update\endlink and
\link http://www.unicode.org/unicode/standard/versions/enumeratedversions.html#Unicode 2.1.9 the 2.1.9 data files\endlink at www.unicode.org.

\endlist

\section1 Unicode in Qt

In Qt, and in most applications that use Qt, most or all user-visible
strings are stored using Unicode. Qt provides:

\list

\i Translation to/from legacy encodings for file I/O: see \l
QTextCodec and \l QTextStream.
\i Translation from Input Methods and 8-bit keyboard input.
\i Translation to legacy character sets for on-screen display.
\i A string class, \l QString, that stores Unicode characters, with
support for migrating from C strings including fast (cached)
translation to and from US-ASCII, and all the usual string
operations.
\i Unicode-aware widgets where appropriate.
\i Unicode support detection on Windows, so that Qt provides Unicode
even on Windows platforms that do not support it natively.

\endlist

To fully benefit from Unicode, we recommend using QString for storing
all user-visible strings, and performing all text file I/O using
QTextStream. Use \l QKeyEvent::text() for keyboard input in any custom
widgets you write; it does not make much difference for slow typists
in Western Europe or North America, but for fast typists or people
using special input methods using text() is beneficial.

All the function arguments in Qt that may be user-visible strings, \l
QLabel::setText() and a many others, take \c{const QString &}s.
\l QString provides implicit casting from \c{const char *}
so that things like
\code
    myLabel->setText( "Hello, Dolly!" );
\endcode
will work. There is also a function, \l QObject::tr(), that provides
translation support, like this:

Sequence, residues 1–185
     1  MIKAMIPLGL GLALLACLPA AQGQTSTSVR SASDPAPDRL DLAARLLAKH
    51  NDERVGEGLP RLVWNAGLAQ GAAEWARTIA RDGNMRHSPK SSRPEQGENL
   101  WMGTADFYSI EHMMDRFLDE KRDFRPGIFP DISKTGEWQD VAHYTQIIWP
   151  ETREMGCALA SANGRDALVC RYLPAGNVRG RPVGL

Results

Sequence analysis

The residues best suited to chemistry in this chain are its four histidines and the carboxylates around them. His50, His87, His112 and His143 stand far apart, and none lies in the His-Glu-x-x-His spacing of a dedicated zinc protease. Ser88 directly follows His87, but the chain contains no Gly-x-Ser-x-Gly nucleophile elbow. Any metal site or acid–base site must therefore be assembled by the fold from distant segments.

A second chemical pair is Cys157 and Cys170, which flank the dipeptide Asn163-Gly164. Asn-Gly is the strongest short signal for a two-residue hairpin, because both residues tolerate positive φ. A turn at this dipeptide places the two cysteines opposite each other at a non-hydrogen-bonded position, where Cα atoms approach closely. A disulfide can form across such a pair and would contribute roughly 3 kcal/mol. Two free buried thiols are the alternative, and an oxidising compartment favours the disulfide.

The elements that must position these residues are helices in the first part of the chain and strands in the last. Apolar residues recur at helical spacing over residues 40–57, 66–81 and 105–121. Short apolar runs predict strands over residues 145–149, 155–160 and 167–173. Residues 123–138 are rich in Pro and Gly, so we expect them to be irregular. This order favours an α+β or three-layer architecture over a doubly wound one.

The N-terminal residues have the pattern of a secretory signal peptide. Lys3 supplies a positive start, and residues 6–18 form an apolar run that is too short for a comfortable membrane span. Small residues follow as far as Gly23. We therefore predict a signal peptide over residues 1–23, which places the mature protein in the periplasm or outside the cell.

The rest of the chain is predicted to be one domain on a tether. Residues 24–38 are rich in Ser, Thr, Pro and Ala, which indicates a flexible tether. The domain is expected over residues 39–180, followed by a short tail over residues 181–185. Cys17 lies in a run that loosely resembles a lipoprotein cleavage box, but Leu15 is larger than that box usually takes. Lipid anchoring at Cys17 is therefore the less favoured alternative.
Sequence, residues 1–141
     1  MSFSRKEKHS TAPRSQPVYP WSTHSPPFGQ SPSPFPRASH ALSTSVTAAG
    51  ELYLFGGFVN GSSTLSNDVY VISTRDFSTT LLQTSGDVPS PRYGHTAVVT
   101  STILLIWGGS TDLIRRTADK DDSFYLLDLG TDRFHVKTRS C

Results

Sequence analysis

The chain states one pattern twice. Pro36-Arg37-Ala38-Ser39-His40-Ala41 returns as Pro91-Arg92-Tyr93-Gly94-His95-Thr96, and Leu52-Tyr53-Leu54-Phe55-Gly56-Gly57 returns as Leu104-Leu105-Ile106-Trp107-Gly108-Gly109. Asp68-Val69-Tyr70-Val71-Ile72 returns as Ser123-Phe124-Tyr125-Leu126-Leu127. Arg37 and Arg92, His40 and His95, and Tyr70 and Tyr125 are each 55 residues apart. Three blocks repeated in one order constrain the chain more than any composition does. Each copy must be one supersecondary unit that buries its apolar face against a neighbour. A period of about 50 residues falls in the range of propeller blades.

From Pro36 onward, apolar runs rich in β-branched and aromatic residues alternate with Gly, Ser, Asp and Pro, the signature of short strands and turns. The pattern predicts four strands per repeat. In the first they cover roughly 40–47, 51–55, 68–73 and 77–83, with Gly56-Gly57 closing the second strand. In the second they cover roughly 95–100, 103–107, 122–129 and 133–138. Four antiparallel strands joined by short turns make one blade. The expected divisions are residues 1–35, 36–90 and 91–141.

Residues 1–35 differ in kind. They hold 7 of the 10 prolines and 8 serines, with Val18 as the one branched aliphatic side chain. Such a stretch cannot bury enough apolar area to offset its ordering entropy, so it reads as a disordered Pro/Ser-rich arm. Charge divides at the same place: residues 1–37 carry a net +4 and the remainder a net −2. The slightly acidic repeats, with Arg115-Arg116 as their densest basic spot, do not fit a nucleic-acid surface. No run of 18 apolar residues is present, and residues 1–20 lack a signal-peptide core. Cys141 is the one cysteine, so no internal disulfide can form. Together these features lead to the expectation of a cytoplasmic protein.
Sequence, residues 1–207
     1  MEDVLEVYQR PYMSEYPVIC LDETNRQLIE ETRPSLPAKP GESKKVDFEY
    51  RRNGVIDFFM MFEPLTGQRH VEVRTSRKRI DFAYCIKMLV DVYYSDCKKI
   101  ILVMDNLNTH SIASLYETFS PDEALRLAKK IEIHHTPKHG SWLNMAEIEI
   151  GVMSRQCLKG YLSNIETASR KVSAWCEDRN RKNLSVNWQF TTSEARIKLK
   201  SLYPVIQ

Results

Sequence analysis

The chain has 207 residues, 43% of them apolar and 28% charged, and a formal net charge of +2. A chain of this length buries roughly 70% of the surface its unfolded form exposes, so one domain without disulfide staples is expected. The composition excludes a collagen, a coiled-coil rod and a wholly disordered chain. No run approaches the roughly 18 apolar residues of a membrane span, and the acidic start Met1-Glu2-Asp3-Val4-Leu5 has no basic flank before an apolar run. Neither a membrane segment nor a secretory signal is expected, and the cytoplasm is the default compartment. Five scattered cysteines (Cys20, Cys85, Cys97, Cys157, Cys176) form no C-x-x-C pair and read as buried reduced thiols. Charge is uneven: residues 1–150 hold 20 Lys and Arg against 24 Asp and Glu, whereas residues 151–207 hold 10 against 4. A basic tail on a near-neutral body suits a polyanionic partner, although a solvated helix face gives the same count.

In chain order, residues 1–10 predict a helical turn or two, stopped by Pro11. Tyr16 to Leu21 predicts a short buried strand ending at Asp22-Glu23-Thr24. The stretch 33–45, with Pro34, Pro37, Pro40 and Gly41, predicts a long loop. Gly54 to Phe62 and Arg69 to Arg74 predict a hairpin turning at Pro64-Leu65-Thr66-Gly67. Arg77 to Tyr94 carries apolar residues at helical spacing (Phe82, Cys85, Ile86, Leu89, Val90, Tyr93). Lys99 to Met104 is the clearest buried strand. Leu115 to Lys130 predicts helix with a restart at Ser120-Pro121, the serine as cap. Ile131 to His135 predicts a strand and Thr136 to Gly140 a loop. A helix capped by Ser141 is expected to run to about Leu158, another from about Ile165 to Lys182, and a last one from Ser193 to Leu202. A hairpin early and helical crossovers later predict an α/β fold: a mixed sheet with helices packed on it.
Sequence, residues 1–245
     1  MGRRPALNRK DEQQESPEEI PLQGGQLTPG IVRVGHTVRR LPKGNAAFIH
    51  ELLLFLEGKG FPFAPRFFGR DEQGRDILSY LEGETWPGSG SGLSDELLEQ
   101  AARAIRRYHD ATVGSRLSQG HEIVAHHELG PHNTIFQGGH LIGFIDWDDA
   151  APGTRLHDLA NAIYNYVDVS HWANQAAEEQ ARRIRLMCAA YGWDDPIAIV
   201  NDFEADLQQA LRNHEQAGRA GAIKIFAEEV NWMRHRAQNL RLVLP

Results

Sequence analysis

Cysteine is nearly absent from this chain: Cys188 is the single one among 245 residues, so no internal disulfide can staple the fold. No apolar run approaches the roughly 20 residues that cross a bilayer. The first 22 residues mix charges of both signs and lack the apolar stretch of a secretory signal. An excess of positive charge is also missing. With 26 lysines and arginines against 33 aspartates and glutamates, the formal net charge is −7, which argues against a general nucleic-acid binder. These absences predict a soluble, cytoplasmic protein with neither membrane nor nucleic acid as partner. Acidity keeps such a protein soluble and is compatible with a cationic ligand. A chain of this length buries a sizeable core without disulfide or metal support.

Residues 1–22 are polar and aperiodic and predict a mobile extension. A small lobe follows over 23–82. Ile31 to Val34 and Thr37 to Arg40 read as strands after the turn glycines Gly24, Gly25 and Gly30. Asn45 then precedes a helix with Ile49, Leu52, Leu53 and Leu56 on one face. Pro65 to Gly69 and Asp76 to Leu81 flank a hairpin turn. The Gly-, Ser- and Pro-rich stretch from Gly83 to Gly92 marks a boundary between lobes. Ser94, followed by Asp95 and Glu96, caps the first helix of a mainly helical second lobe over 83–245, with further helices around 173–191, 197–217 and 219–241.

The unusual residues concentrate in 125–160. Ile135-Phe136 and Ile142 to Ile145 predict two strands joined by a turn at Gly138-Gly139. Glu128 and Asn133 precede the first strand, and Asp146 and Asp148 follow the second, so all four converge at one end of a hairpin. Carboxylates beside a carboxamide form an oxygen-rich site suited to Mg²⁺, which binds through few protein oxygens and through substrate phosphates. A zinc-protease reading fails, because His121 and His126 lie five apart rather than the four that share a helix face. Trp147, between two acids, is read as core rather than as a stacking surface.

\code
    myLabel->setText( tr("Hello, Dolly!") );
\endcode

tr() (simplifying somewhat) maps from \c{const char *} to a
Unicode string, and uses installable \l QTranslator objects to do the
mapping.

Qt provides a number of built-in \l QTextCodec classes, that is,
classes that know how to translate between Unicode and legacy
encodings to support programs that must talk to other programs or
read/write files in legacy file formats.

By default, conversion to/from \c{const char *} uses a
locale-dependent codec. However, applications can easily find codecs
for other locales, and set any open file or network connection to use
a special codec. It is also possible to install new codecs, for
encodings that the built-in ones do not support. (At the time of
writing, Vietnamese/VISCII is one such example.)

Since US-ASCII and ISO-8859-1 are so common, there are also especially
fast functions for mapping to and from them. For example, to open an
application's icon one might do this:
\code
	QFile f( QString::fromLatin1("appicon.png") );
\endcode

Regarding output, Qt will do a best-effort conversion from
Unicode to whatever encoding the system and fonts provide.
Depending on operating system, locale, font availability and Qt's
support for the characters used, this conversion may be good or bad.
We will extend this in upcoming versions, with emphasis on the most
common locales first.

*/